#1: Scott McDonald a big miss
Leaving out Millwall's most consistent performer was a decision that Ian Holloway deeply regretted in hindsight.
Having scored twice without Scott McDonald in their previous game, Holloway wanted the Lions to start against Brentford how they finished against Blackburn.
But that move backfired and Holloway acknowledged his mistake afterwards.
It was evident after 20 minutes that McDonald was being sorely missed.
In the first half especially, the Lions turned over the ball with unforgivable ease. Nobody could retain possession in the final third.
And not enough pressure was being applied on the visitors' back four – they were given far too much time to feed the ball into midfield unchallenge.
Millwall were chasing shadows for the first 45 minutes. Their closing down was half a yard slower than the Bees' crisp passing.
McDonald's absence was so noticeable because of the defending he does from the front.
The Australian sets the standard for the Lions' pressing, and without him the side lacked cohesion. In contrast, Brentford hunted the ball down in packs.
McDonald is also brilliant at getting hold of and keeping possession, either by jinking past a player of turning out of a tackle until support arrives.
It was little surprise that his introduction from the bench after 57 minutes almost turned the game in Millwall's favour.
"Scott had played every minute of every game and I wanted to give him a rest but boy oh boy did I rue the decision to leave him out," said Holloway afterwards.
Given that post-match admission, you'd think this won't be a mistake the Lions boss makes twice.
#2: Lions struggle to raise their game
Millwall are a good underdog but they really struggle in the games they are expected to win.
This has been a problem for a while now, stretching far beyond Holloway's nine-month tenure, and it's a huge Achilles heel.
Even when the Lions did beat crisis club Blackpool at the end of August, they did so by just the one goal and were hanging on for dear life at the end.
Leeds, Fulham, Nottingham Forest and Cardiff? No problem. Away to Wigan and Derby? You can rely on a dogged rearguard action and a clean sheet.
Big games against big clubs typically bring the best out of Millwall.
But Rotherham, Birmingham and now Brentford have all rolled up at The Den this season and landed fatal blows simply by scoring the first goal.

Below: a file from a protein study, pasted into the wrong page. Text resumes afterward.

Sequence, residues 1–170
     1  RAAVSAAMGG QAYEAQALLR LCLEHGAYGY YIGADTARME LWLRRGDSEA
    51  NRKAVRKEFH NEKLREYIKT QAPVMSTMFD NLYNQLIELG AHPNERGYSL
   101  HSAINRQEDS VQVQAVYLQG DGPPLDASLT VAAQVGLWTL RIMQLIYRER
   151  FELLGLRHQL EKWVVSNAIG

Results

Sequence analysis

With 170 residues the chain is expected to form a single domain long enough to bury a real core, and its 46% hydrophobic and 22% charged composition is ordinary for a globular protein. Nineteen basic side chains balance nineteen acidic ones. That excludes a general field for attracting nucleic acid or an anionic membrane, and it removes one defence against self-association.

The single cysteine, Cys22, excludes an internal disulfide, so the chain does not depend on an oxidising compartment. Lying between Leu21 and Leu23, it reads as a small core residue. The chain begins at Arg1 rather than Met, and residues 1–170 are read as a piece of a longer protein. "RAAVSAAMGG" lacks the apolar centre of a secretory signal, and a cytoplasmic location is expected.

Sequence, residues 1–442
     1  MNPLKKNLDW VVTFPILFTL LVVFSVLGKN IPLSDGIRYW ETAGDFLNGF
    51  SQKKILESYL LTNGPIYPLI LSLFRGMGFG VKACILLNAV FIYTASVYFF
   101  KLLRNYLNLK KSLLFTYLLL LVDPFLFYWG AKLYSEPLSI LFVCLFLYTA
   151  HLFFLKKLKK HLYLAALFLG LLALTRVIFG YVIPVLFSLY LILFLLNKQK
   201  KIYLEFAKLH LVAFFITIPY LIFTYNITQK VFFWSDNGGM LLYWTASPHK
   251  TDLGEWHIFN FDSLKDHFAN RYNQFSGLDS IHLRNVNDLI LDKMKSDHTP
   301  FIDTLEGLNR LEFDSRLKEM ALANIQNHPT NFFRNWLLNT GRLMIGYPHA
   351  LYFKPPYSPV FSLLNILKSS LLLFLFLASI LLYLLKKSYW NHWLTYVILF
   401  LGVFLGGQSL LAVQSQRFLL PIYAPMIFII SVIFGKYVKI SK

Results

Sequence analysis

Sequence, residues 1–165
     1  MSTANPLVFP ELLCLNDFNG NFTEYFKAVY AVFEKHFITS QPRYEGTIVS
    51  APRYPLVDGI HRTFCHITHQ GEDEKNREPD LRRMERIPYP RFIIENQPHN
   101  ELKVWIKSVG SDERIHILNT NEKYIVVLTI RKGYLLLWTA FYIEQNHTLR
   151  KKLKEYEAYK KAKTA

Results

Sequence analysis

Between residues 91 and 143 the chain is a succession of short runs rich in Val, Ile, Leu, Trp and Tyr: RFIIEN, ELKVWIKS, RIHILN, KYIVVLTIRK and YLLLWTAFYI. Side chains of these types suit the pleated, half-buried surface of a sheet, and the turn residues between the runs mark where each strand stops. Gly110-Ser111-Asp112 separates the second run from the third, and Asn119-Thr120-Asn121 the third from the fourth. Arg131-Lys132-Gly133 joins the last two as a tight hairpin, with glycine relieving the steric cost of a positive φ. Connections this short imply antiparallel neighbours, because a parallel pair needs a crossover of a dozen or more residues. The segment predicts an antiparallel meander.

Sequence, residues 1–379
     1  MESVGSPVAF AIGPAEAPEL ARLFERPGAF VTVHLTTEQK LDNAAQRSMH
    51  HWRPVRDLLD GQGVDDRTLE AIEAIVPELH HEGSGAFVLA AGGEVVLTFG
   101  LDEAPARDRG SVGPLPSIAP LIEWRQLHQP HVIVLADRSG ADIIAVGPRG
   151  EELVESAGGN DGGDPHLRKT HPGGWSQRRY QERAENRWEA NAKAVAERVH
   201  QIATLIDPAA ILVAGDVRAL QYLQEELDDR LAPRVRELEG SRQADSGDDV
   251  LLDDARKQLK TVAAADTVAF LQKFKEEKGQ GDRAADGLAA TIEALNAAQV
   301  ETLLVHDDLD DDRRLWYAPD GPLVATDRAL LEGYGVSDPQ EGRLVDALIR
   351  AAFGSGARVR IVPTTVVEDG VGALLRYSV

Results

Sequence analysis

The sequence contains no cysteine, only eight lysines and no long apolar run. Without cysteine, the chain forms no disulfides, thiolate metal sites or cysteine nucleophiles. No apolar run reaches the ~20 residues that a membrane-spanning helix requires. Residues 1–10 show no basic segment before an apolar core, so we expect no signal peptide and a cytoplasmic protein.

Even though they were beaten 3-1 by Watford at the turn of the month, the Lions still produced one of their better performances at Vicarage Road.
But on Saturday, Millwall started so sluggishly. The Bees were sharper, faster and hungrier.
Mark Warburton's side are new to the division and determined to prove they belong here. They did just that.
So the Lions must find a way of raising their game against every opponent – not just those with the biggest budgets.
#3: Lions boss has chance to name settled side
A combination of injuries, suspensions and three-games-a-week has caused significant disruption to Millwall's back four.
But looking at their fixture list between now and Boxing Day, Holloway may now be able to field a settled side.
The Lions boss has rejected the notion that he is "deliberately chopping and changing", saying that making regular alterations to his XI has been necessary to prevent injuries.
With Andy Wilkinson banned for three games and Scott Malone nursing a muscle strain, Holloway has had one hand tied behind his back.
He has chosen to keep things fresh at centre half, where Alan Dunne and Byron Webster have rotated with Danny Shittu and Mark Beevers.
Goalkeeper David Forde admitted after defeat to Brentford that the changes in personnel in front of him "hasn't particularly helped".
Thankfully, Millwall's next six games each come a week apart, so the Lions will have enough downtime between matches to be firing on all cylinders.
#4: Gueye deserves a second chance after error
A loose first touch from Magaye Gueye led to Brentford’s second goal but the Frenchman should not be cast aside after one mistake.
He looked lively when he came on against Blackburn in midweek and was rightly rewarded with a start. But like many others on the day, his performance was mixed.
And his final contribution was to gift the Bees possession in a dangerous area, allowing Alan Judge to tee up Andre Gray for their second goal.
He was substituted seconds after that lapse, although his withdrawal was already being planned before the goal went in.
Gueye was a £1million player four years ago. He's 24, his best years are still ahead of him and he has only just been deemed fit enough to come back into the fold.
He needs the chance to play his way into some form.
#5: Up and at 'em is effective
Holloway has hinted that Millwall could try a new formation after the international break.
"I might have to look at changing shape and playing a different way to give our boys some confidence," he said.
"When we went from back to front and put Brentford under pressure, we looked really good."
When the Lions commit bodies into the box and get the ball forward quickly, they have far more potency about them.
That was the case against Wolves, when they came back from 3-0 down to draw, and against Blackburn, when they repeated the feat with ten men.
The same gung-ho approach nearly paid off at the weekend, when they overturned another two-goal deficit to briefly get themselves back on level terms.
There is a fine line between a fast-paced direct approach and aimless hoofball, but this tactic did the trick at the end of last season and it may be the answer again.
The only problem? Millwall don't have Stefan Maierhofer anymore…